Jefferson Memorial Street. Silent, only the weeping of bums being heard. Those who dare to step foot on the street have a high chance of getting mugged. The streets haven’t been paved in 10 years, bits flying up. My apartment sits over the street. I’ve witnessed three murders by the age of 13. Lord knows how many robberies I’ve witnessed. I know that the people say I will never be better than the others that are crippled here; I will. The government puts the men in jail and the women are taught that all they are good for is babies.
I crouched by the smudged window everyday. We didn’t have any chair that I could sit on. The pain in my heart was as heavy as the bus driver that avoided the end of our street. The air was smelly, like a smog coming straight from the depths of hell. It was the souls burning on the street below. Mother was never even home, when she was, I didn’t want to be around her. I know the world is a sick place, but my mind is even sicker. I have dreams of being on TV changing the world, I must be sick.
Sometimes when I hear the gunshots outside, I pretended that they are fireworks. I would peel my eyes open and realize it was just another one of my people dying. Sick. Twisting and turning. I couldn’t stand this, shackled to the lower life. The kids born into richness cared not about reaching the top that their ancestors reached for them. Nothing in this world is strong enough to stop me. I was meant to be a queen.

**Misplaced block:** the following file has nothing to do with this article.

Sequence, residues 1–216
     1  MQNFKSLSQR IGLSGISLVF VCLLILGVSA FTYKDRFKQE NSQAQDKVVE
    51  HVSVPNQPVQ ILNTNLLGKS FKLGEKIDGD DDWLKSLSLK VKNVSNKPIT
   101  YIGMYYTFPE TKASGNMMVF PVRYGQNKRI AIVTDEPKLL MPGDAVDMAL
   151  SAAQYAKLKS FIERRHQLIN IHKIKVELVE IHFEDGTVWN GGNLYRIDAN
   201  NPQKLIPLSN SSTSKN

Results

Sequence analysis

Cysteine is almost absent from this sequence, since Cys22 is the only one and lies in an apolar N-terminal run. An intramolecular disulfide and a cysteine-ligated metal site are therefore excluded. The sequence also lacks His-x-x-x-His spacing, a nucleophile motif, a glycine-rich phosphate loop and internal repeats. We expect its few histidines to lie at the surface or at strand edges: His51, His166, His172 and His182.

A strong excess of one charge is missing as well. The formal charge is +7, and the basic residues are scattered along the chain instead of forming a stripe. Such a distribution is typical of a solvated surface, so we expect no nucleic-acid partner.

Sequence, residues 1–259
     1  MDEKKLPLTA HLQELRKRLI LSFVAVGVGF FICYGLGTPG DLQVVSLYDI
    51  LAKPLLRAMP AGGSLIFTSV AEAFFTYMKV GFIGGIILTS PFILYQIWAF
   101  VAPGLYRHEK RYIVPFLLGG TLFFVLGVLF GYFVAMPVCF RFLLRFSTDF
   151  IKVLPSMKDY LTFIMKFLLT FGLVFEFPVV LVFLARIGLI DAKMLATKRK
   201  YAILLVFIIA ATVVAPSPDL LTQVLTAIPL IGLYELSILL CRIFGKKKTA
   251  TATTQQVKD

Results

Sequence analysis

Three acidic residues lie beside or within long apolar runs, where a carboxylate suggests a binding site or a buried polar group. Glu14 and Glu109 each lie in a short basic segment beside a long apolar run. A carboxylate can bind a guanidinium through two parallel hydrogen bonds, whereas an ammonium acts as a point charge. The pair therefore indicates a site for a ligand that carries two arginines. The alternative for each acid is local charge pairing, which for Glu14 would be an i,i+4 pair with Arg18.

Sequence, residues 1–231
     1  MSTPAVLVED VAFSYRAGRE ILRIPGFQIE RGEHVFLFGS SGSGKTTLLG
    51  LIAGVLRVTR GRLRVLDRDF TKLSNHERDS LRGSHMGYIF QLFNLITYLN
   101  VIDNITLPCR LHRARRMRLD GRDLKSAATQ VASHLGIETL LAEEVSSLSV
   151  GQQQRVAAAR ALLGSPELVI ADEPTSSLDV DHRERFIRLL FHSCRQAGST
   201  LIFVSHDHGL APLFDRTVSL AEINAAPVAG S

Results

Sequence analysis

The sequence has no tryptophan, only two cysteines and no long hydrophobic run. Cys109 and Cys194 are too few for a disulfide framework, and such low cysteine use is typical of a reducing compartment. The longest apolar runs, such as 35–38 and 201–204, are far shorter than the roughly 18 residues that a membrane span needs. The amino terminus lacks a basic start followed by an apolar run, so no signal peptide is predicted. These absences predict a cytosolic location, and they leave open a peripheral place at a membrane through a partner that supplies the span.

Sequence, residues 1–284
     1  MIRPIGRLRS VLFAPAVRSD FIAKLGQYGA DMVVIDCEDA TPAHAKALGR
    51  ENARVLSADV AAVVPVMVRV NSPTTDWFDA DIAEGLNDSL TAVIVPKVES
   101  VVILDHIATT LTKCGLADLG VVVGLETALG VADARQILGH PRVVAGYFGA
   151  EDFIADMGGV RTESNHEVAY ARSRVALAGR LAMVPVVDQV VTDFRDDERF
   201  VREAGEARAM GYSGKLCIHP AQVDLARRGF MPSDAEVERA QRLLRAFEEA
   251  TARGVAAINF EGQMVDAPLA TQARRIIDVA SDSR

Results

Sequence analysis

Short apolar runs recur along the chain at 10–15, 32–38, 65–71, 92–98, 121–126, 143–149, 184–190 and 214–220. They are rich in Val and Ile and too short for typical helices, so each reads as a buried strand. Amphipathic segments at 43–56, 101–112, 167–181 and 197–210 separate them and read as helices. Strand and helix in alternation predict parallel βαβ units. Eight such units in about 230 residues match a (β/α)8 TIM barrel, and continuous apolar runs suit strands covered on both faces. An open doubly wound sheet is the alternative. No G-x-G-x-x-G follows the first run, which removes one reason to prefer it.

By time I was 16, my soul had been poured into everything I did. I was gonna die with gold and jewels around my neck. Stereotypes aren’t enough to bring the true thriver down. Everyone who crossed my path seemed to doubt me. Is it racist? Is it confusion? No, it is envy. I didn’t know why they hated me. I really didn’t care. It was time somebody made a difference.
I am from Richmond and attend Manchester Middle School CBG. I don't write the happiest stories. I've spent my decade (give a few years) of life writing what I see and feel through the eyes of fictional characters.